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Theater & Dance
What you need to know for 01/18/2017

Compagnie fetes galantes provides joyous afternoon of dance

Compagnie fetes galantes provides joyous afternoon of dance

Compagnie fetes galantes dance troupe shares a merry time with "Let My Joy Remain."

Baroque court dances are the foundation of ballet. But often, as seen today, the lively and mathematically precise dances do little to connect with the human heart. Compagnie fetes galantes changes that with “Let My Joy Remain.” As the opening event of SummerScape at the Fisher Center for the Performing Arts at Bard College this past weekend, this dance not only depicts unbridled joy, but sends its viewers home with wide smiles and irrepressible cheer.

Choreographed by Artistic Director Beatrice Massin, this baroque-inspired dance is set to the equally jubilant music of J.S. Bach. (Interestingly, baroque music does arouse glee. Perhaps that is what kept baroque dance from descending into complete obscurity.) Massin, an authority on this dance for kings, begins the work with her 10 dancers entering one by one. In silence, they stand about, as if spectators to a courtly divertissement. As the music, a cantata, begins, the dancers step lively. Dressed in garb that hints of the 17th century, including stylish heels that are adorned with buckles or bows, their steps are small and quick. Their jumps are low. So too are their turns, taken in plié. Their moves, though appearing modest, are intricate, outlining circles, lines and triangles with their toes.

Their bodily patterns are staggering too. They weave in and out, back and forth, mostly in lines that are hypnotic. And as the 60-minute dance proceeds, “Let My Joy Remain,” deepens with meaning and amplifies with enthusiasm. Massin enlarges the steps as they go, from low and sweeping degages to high-flying grande battements. Better yet, as the steps grow bigger, so does the dancers’ infectious abandon.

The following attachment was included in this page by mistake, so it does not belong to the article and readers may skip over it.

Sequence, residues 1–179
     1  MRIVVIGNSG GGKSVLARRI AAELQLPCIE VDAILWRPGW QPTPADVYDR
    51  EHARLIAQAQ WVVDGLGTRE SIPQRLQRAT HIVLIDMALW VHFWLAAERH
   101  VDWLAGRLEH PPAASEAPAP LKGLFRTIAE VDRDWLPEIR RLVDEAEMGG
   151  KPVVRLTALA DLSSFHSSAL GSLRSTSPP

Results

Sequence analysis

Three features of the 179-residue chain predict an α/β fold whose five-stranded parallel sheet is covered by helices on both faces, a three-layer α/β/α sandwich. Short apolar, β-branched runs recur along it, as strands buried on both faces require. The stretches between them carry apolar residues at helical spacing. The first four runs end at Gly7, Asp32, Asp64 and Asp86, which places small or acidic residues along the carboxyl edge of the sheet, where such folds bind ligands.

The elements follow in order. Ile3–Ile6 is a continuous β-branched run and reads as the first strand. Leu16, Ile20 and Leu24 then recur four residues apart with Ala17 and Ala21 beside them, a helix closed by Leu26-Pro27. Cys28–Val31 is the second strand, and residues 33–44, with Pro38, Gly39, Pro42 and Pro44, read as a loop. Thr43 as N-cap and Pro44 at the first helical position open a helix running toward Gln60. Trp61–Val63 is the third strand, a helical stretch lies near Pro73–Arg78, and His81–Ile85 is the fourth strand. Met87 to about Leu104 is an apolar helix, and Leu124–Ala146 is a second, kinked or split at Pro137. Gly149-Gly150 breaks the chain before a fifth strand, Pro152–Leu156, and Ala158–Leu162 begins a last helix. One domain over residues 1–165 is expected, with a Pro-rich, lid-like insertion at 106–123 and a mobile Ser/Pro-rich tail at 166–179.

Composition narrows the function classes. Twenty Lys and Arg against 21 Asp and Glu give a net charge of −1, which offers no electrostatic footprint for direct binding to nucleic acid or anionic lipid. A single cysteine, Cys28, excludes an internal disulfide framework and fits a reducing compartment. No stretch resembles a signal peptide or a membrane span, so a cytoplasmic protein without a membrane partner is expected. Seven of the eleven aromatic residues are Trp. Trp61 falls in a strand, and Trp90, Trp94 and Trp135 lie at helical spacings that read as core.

romantic trio

Massin boldly has her dancers play in silence, too, (amazingly, as baroque dance is not meant to be separated from the music.) On a quiet stage, she composes a romantic, delicate trio as well as a section for the ensemble in which the unified tapping of the heels serves as the rhythm. Both are delightful — the trio for its gentle coaxing of affection and the group work for its power wrought in precision.

Of course, when Bach’s Brandenburg Concerto begins and Massin employs the 2nd, 3rd and 6th, the elation abounds. Near the end, one dancer appears to be infected with a fever. Her leg shivers and she shudders and staggers. Others strip off their elegantly tailored jackets. And then they kick off their shoes. With whoops and hollers, “Let My Joy Remain” turns into a hoedown. At first, it appears out of whack with the majesty of what precedes it. But the exultant feeling is undeniable. The dancers end by running to and fro, in and out of view, in a rush of pure ecstasy.

Consequently, long after the curtain comes down, “Let My Joy Remain” merrily lingers.

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